National Astronomical Observatory of Japan

Three gravitational-wave detectors sign agreement to begin joint observation. Collaboration will enable pinpointing origin of gravitational-wave events

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One of the 3-km arm ducts of KAGRA. (Credit:NAOJ) Original size (6.2MB)

The world’s three principal gravitational-wave detectors - LIGO in the U.S., Virgo in Italy, and now KAGRA in Japan - have signed a memorandum of agreement that covers scientific collaboration, including joint observation of gravitational waves and data sharing, for the coming years. This agreement also foresees expanding the collaboration to welcome new partners in the future.

Gravitational waves are ripples in space and time caused by cataclysmic events such as supernovas and the mergers of black holes. Predicted by Albert Einstein over a century ago, detection of the first gravitational waves was made by LIGO interferometers in 2015 and announced by the LIGO/Virgo collaboration in 2016. Gravitational-wave observation opens up a whole new window onto our universe.

KAGRA is a gravitational-wave observatory developed in Kamioka, Gifu Prefecture, Japan under the leadership of the University of Tokyo’s Institute for Cosmic Ray Research (ICRR) with contributions from the National Astronomical Observatory of Japan (NAOJ) and the High Energy Accelerator Research Organization (KEK). Construction started in 2010, and now the highly-sensitive instrument is nearing readiness to enter use. “We are very pleased to hold today's ceremony to celebrate the completion of the construction of the large-scale, cryogenic, gravitational-wave detector, KAGRA,” said Takaaki Kajita, KAGRA’s principal investigator. “We hope to begin the observation by the end of the year, join the global network of gravitational-wave detectors and produce various important scientific results. On this occasion, we would like to thank the many people who helped this project in various ways.”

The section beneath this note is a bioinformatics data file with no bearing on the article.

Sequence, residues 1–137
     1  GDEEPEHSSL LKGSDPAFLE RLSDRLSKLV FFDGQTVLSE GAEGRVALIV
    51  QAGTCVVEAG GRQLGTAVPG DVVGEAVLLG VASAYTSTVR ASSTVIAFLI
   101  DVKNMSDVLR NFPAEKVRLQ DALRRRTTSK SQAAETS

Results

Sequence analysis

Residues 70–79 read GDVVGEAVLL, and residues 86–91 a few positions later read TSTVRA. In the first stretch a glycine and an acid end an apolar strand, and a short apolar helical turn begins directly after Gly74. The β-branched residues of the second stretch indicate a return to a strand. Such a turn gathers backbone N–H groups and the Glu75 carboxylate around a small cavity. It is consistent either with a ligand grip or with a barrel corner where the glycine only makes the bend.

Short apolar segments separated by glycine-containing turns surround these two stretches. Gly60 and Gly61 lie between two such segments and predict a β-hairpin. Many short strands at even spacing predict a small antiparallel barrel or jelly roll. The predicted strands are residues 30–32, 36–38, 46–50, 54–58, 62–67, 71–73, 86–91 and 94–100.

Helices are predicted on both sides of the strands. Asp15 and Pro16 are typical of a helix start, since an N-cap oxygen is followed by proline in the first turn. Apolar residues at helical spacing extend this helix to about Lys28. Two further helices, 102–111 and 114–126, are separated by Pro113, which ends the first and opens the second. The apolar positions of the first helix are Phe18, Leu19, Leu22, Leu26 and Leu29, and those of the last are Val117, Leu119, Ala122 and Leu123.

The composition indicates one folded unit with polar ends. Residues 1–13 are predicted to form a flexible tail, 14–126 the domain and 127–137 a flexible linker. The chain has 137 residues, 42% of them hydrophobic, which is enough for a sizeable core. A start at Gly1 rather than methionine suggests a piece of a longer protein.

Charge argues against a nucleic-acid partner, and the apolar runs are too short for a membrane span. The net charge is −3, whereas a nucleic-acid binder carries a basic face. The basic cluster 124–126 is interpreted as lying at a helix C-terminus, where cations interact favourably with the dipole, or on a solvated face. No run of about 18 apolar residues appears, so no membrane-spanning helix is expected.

The Laser Interferometer Gravitational-Wave Observatory (LIGO) and the LIGO Scientific Collaboration (LSC) in the US are composed of more than 100 institutions worldwide. LIGO detected the first gravitational-wave in 2015. Having multiple detectors working together has several scientific benefits. “Having KAGRA join our network of gravitational-wave observatories will significantly enhance the science in the coming decade,” said David Reitze, LIGO executive director and principal investigator. “The KAGRA detector will enable us to more precisely locate gravitational-wave sources on the sky, a key goal of gravitational-wave astronomy.”

Virgo (the Virgo Collaboration and the European Gravitational Observatory (EGO) Consortium) is composed of 96 institutions in the European Union (EU). As a multinational collaboration itself, Virgo already has experience of working with multiple partners. “With KAGRA joining, gravitational-wave science will become a global collaborative effort. The Virgo Collaboration looks forward to learning from the new and innovative approach of using an underground and cryogenic interferometer,” said Jo van den Brand, Virgo Collaboration spokesperson.

KAGRA will now join the third observing run (O3), which started on April 1, 2019 and is planned to continue for one calendar year.

Photo2
Jo van den Brand (Virgo), Takaaki Kajita (KAGRA), and David Reitze (LIGO) (left to right) shake hands after signing the Memorandum of Agreement for worldwide gravitational-wave observations. (Credit:NAOJ)

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